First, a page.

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Robert J. Rutten (1942–2022)

Rutten was a well-known solar physicist who studied the dynamic processes in the deeper parts of the solar atmosphere.

Published onOct 14, 2022
Robert J. Rutten (1942–2022)

Photo credit: Bernhard Fleck.

Rob Rutten died unexpectedly on Wednesday, September 28, 2022, at the age of 80.

Rob received his Ph.D. in solar physics in 1976 at the Sterrekundig Instituut of Utrecht University under the guidance of Kees Zwaan, in the tradition of Marcel Minnaert and Kees de Jager. He focused his career on understanding the solar spectrum and applying his deep knowledge of radiative transfer and spectral line formation to study dynamic processes on the sun in the deeper parts of the solar atmosphere. In addition to his position at Utrecht University, he was appointed an adjunct professorship at the Institute of Theoretical Astrophysics of the University of Oslo in 2002. He maintained active collaborations with that group until his death.

Rob’s work as a scientist has always been intimately linked to his role as a teacher and mentor. He was widely respected for his lectures on radiative transfer (available on his website). He served as guest lecturer on 24 occasions at many universities and institutes around the world. He organized the highly successful European Solar Magnetometry Network and its follow-up European Solar Magnetism Network that supported 30 young researchers and organized 6 schools. Many of the students he taught and mentored that make up the “school of Rob Rutten” now have successful careers in solar physics or adjacent fields.

Together with Rob Hammerschlag, Rutten was the driving force behind the Dutch Open Telescope (DOT) on La Palma, which pioneered an open design instead of the traditional vacuum tube construction. The DOT regularly produced sharp images of the sun at many wavelengths to observe dynamic phenomena in the photosphere and chromopshere over extended periods of time. Thanks in part to Rob’s work, the DOT paved the way for a new generation of large-aperture solar telescopes such as the Goode Solar Telescope, the GREGOR, the newly commissioned 4-m Daniel K. Inouye Solar Telescope, and the planned 4‑m European Solar Telescope.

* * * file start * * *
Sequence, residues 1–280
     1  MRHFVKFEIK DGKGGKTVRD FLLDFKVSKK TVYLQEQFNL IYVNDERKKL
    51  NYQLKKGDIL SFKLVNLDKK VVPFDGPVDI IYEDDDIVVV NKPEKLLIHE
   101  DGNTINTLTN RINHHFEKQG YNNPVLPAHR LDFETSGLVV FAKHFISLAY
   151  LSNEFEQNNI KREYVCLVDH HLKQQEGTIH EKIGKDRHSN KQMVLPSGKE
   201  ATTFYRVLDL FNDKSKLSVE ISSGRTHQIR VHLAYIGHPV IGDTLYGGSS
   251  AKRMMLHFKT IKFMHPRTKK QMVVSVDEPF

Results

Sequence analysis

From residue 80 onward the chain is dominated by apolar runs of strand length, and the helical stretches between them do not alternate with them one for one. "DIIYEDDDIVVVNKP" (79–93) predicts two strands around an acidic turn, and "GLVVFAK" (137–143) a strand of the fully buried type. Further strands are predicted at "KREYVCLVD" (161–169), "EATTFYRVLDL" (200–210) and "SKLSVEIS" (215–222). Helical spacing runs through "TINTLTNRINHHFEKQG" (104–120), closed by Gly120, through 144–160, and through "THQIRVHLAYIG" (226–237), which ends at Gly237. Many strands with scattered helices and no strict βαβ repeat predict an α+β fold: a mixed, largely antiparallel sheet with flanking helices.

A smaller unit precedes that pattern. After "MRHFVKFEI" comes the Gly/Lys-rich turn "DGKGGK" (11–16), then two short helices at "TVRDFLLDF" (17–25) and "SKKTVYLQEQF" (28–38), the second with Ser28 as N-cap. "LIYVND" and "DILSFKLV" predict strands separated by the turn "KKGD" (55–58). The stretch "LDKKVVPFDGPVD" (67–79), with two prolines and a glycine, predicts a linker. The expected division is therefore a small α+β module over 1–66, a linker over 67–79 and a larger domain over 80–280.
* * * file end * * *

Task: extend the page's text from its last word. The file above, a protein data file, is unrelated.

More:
He was legendary for his outspoken opinion, but his critique was always honest and constructive. He was a lively voice at conferences and meetings and was relentless in reminding the community about the intrinsic complexity of the dynamic solar atmosphere and warning against over-simplification.

Rob retired in 2007 but remained affiliated with Utrecht University and the University of Oslo as an emeritus. His anger over the sudden, shocking, and disgraceful closure of the Sterrekundig Instituut in Utrecht in early 2012 caused him to cease using his Utrecht affiliation and start the institute ‘Lingezicht Astrophysics’ at his own home. Over the past decade, Rob was at least as scientifically productive there as ever before. His last product was an updated Compendium solar spectrum formation [1], that in his own words “contained everything he knew.”

Apart from being a highly respected solar physicist, inspiring lecturer, and enthusiastic popularizer, Rob Rutten was an avid kayaker, hiker, eclipse hunter, flutist, and documentary photographer of his colleagues.

Rob was the last active scientist in a long tradition of solar physics in The Netherlands. With his passing therefore we mourn not only the loss off a mentor, colleague, and friend, but also the end of an era of solar physics in the Netherlands. His legacy endures in his publications, lecture notes, and a vast network of solar physicists around the globe who have had the fortune to know Rob.

For more information, see Rutten’s AstroGen entry.

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